...AD Didn't Cover Latest Failure Site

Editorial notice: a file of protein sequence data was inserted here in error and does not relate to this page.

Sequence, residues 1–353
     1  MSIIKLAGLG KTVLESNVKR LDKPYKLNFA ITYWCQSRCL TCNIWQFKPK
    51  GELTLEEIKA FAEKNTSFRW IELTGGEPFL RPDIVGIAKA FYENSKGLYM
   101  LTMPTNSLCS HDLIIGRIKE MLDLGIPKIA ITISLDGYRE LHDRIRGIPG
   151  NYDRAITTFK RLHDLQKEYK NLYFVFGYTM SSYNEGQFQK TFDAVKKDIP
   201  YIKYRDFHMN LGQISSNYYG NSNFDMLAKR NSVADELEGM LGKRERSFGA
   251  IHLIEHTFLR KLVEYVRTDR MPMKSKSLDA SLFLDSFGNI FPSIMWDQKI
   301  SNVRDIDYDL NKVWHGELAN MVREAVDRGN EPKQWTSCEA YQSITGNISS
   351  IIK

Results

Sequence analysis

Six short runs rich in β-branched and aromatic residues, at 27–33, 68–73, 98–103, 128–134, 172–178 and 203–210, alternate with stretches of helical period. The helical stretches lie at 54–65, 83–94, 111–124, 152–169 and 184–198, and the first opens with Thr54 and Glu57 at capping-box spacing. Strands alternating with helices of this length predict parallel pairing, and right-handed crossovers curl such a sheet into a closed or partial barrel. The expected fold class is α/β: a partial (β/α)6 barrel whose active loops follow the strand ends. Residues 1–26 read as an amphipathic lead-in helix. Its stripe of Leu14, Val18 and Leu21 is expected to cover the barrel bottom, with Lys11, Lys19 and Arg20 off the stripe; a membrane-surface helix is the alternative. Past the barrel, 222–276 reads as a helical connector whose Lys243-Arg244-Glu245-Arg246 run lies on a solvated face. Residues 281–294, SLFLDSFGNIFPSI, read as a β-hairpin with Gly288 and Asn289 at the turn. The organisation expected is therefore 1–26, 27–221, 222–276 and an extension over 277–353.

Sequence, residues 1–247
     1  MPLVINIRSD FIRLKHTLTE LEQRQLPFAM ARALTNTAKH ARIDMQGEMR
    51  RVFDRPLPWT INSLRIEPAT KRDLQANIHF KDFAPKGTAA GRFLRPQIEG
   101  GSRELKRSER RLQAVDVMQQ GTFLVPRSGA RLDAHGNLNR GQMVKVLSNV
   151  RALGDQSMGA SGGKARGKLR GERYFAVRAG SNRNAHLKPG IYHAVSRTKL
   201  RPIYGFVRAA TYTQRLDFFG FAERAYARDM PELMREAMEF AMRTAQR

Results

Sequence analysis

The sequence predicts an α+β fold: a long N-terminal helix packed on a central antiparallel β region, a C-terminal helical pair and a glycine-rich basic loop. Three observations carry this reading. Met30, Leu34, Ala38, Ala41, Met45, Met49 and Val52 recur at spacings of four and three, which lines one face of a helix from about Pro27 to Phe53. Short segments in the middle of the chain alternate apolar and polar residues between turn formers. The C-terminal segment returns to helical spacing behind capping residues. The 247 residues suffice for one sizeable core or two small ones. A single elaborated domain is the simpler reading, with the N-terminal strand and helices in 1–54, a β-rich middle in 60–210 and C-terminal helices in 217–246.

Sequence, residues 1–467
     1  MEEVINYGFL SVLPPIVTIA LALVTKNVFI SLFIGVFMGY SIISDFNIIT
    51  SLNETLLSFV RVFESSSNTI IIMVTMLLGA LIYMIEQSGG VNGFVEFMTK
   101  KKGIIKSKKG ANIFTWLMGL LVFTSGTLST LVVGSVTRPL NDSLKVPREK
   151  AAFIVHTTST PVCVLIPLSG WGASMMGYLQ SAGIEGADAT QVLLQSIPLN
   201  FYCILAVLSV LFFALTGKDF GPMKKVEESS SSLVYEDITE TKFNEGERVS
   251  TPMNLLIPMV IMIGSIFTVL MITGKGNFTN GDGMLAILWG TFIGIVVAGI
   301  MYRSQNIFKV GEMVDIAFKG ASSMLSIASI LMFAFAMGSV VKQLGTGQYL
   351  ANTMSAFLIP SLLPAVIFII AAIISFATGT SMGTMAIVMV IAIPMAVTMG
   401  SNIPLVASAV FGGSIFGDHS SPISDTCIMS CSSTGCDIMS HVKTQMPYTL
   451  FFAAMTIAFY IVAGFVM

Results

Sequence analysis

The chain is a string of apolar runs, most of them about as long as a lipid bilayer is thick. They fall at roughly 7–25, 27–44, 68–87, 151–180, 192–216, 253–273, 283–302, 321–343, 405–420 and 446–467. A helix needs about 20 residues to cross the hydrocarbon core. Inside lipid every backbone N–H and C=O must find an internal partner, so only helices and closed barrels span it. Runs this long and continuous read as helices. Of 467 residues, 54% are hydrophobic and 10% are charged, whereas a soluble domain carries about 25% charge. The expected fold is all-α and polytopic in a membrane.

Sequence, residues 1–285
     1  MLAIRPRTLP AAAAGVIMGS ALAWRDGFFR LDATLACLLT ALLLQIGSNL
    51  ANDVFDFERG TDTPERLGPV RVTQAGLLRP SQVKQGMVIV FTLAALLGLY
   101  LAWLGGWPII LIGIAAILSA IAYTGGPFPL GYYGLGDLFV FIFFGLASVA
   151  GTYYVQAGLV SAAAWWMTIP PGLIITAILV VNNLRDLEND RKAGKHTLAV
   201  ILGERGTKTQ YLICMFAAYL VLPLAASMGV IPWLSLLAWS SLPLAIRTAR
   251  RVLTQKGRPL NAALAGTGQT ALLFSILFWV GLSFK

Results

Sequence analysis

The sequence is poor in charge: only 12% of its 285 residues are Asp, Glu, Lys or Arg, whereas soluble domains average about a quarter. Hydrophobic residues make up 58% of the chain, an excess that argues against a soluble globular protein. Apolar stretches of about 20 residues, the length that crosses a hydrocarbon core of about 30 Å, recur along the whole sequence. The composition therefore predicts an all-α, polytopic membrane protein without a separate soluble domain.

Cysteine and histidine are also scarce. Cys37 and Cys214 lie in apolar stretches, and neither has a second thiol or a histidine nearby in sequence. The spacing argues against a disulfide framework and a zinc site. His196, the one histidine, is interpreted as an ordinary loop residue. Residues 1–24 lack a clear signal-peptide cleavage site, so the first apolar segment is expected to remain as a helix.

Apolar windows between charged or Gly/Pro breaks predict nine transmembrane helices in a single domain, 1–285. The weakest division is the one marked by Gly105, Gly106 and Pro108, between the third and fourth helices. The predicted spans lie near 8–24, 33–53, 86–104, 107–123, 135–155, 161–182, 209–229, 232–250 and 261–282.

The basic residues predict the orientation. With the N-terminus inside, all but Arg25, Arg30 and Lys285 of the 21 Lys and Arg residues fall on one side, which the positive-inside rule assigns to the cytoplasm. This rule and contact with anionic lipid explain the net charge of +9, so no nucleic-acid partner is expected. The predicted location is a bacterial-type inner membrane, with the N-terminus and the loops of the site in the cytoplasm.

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One question investigators are trying to answer is this: If G-13 had the required AMOC, why did the wing fail? This much is known, according to Braly: The wing on the most recent crash failed in an entirely different area of the aircraft structure than in both the Rydell, Ga., crash in 1999 and the 2003 crash near Houston. In both of the earlier crashes, the wing spar failed at a point about a foot outboard of the so-called "bathtub" fitting, an opening under the wing that allows access to the wing through bolts. In the most recent Texas crash, the failure point was in the center fuselage section, well inboard of the bathtub fitting. The recent crash highlights a certain tension between the mock air combat trade and those generally more ... subdued ... fliers of the T-34 Association. With three high-profile crashes in the combat arena, other T-34 owners who use their airplanes in far milder pursuits find themselves again dragged into what may be a protracted and expensive AD process. Braly believes T-34s can be used safely in mock air combat if they're maintained carefully and flown to a 4G limit. Recording G-meters and periodic inspections might help. Nonetheless, Braly believes T-34s not used for air combat should be spared extraordinary inspection and maintenance requirements. "We have been begging the FAA since 1999 to draw a distinction between commercial use of T-34s and any other use," Braly told us. Considering last week's emergency AD, the FAA apparently isn't yet sold on that idea.